International Space Station Status Report #05-59
Noon CST, Friday, Dec. 2, 2005
Expedition 12 Crew

In the third month of a six-month mission, the International Space Station Expedition 12 crew worked this week on science experiments, maintenance and the setup of hardware for future activities.

After a light duty weekend, Commander Bill McArthur and Flight Engineer Valery Tokarev began the week with science tasks.

McArthur, who serves as the NASA science officer, worked extensively with the Human Research Facility 2, setting up a refrigerated centrifuge that will house biological samples for future experiments. He also conducted experiments with the Binary Colloidal Alloy Test-3 (BCAT-3). The experiment uses small particles known as colloids to study fundamental physics, gathering data that may provide insight useful for a wide range of applications from the development of new pharmaceuticals to new rocket engines. He also inspected samples for the InSPACE magnetic materials experiment. The investigation studies the physics of magnetic particles in a fluid to gain insight into processes used in many electromechanical applications on Earth.

McArthur also repaired a trace contaminant monitor in the Destiny Lab. He replaced thermal fuses on the device, which measures amounts of gases in the cabin air. He will activate and check out the device next week.

During the week, the crew performed a variety of maintenance activities, labeling fire ports in the Unity Node, conducting an inventory of water containers and performing preventative maintenance on a ventilation system in the Russian segment. McArthur took time out to talk to students at two schools via amateur radio, the Hawthorne Brook Middle School in Townsend, Mass., and the Ralph McCall School in Airdrie, Alberta, Canada.

Both crewmembers completed routine medical officer proficiency training.

Tokarev worked with the docked Progress resupply craft, repressurizing the station atmosphere using Progress 19 oxygen. The Elektron oxygen generation system in the Zvezda Service Module was intentionally shut down last week to allow oxygen from the Progress to be used. Tokarev continued unpacking the craft and reloading it with unneeded gear. Propellant from the Progress tanks was transferred to station tanks on the Zarya module.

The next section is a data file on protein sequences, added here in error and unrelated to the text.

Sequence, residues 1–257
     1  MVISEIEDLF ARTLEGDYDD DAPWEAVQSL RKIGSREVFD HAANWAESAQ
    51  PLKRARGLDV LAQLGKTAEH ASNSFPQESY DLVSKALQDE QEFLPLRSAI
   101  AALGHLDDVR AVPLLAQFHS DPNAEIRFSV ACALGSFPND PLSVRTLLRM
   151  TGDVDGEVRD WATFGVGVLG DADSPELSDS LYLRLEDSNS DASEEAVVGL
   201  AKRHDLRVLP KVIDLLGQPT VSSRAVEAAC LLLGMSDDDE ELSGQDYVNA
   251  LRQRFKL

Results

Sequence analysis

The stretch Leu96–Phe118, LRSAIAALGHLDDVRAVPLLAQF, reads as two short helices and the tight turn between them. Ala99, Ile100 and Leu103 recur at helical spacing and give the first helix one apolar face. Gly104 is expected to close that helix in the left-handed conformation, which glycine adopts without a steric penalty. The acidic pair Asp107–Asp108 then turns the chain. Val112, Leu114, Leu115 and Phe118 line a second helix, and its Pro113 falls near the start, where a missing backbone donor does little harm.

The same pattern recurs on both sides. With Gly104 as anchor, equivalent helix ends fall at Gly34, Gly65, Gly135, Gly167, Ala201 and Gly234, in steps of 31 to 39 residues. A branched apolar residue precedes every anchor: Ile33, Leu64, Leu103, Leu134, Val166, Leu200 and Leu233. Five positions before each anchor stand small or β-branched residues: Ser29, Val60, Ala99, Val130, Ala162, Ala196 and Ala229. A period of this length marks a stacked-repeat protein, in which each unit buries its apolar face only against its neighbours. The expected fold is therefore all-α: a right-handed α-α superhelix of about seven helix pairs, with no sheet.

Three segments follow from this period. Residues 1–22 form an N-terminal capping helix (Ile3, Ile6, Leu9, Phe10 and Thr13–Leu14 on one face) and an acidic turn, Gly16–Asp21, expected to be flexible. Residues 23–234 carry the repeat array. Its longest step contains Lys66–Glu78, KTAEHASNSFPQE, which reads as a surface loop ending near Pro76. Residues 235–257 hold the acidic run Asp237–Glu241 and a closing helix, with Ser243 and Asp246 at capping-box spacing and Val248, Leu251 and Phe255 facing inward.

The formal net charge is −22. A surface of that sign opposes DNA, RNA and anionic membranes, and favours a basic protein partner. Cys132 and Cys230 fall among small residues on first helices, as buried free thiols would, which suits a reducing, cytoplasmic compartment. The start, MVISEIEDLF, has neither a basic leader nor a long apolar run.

Station managers are evaluating a proposal from Russian engineers to delay the undocking of the ISS Progress 19 cargo ship. The undocking is scheduled for Dec. 20. The proposal would leave the Progress attached to the station for a longer time, allowing the crew additional time to use it for trash disposal and to use its oxygen supply. Regardless of whether the ISS Progress 19 is docked or undocked, launch and docking of the next Progress craft, ISS Progress 20, remains set for Dec. 21 and Dec. 23, respectively. The new Progress will bring supplies of food, water, fuel and air to the station as well as holiday gifts for the crew.

Information on the crew's activities aboard the station, future launch dates, as well as station sighting opportunities from anywhere on the Earth, is available on the Internet at:

http://www.nasa.gov/station

The next ISS status report will be issued on Friday, Dec. 9, or earlier if events warrant.

###

NASA Johnson Space Center Shuttle Mission/Space Station Status Reports and other information are available automatically by sending an Internet electronic mail message to listserv@listserver.jsc.nasa.gov. In the body of the message (not the subject line) users should type "subscribe hsfnews" (no quotes). This will add the e-mail address that sent the subscribe message to the news release distribution list. The system will reply with a con firmation via e-mail of each subscription. Once you have subscribed you will receive future news releases via e-mail.